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  • Writer's pictureThe San Juan Daily Star

Killing of Detroit synagogue leader not related to antisemitism, police say


The Detroit police indicated there is a person of interest in the investigation.

By Julie Bosman


Authorities in Detroit said earlier this week that they had identified “some persons of interest” in the killing of Samantha Woll, 40, the president of a downtown synagogue who was found stabbed to death outside her home early Saturday.


Detroit Police Chief James White said at a news conference that he was “just short of calling one of the people a suspect, but we are working to that end.”


“We are confident we’re on the right track, but I’m not prepared to tell you the relationship between her and the suspect as of yet,” he said.


White emphasized that Woll’s killing did not appear to be related to antisemitism.


“We’re confident with the information that we have right now that this is not,” he said, adding, “We do have another working theory that we’re looking at where the evidence has taken us to, and we’re going to exhaust that.”


The death of Woll, a widely known and admired leader in civic and political circles in Detroit, shocked the city last weekend. She lived in the Lafayette Park neighborhood, a historic district just blocks from downtown, and was believed to have returned home from a wedding at about 12:30 a.m. Saturday.


At about 6:30 a.m., police responded to a 911 call and found Woll outside, unresponsive and with multiple stab wounds. A trail of blood led to her home, where police believe the crime occurred.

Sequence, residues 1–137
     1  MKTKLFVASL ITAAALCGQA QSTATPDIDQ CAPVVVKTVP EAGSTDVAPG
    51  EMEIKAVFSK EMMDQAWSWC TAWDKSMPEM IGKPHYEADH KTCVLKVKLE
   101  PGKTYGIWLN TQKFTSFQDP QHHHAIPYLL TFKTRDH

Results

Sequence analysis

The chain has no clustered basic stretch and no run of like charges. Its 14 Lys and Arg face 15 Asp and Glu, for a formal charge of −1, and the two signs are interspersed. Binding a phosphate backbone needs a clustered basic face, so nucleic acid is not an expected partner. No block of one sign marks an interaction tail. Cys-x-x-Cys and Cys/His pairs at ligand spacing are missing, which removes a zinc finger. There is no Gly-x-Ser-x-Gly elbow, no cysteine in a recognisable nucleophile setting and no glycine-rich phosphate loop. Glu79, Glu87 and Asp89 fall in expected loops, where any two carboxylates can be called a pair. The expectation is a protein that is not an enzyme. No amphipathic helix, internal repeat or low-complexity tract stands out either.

There were no signs of forced entry. White said Monday that Woll had been outside “quite a while” before her body was found. He added that detectives were combing through video evidence from residential cameras nearby.


He urged people in Detroit to come forward with any information that could lead to an arrest and cautioned that the investigation was still underway, so he was unable to provide more details to the public.


“There are some facts that are known only to our suspect,” he said.


Woll was memorialized at a service Sunday, attended by hundreds of people who knew and admired her for her work in bridging religious and cultural communities in Detroit.


At her funeral, Rabbi Asher Lopatin, executive director of the Jewish Community Relations Council/AJC, noted the diverse crowd in attendance, which he said represented what Woll was about. “We have in this room, Muslims and Hindus, Catholics and Christians and Jews and all kinds of races, and everyone loves Sam and was affirmed by Sam,” he said.

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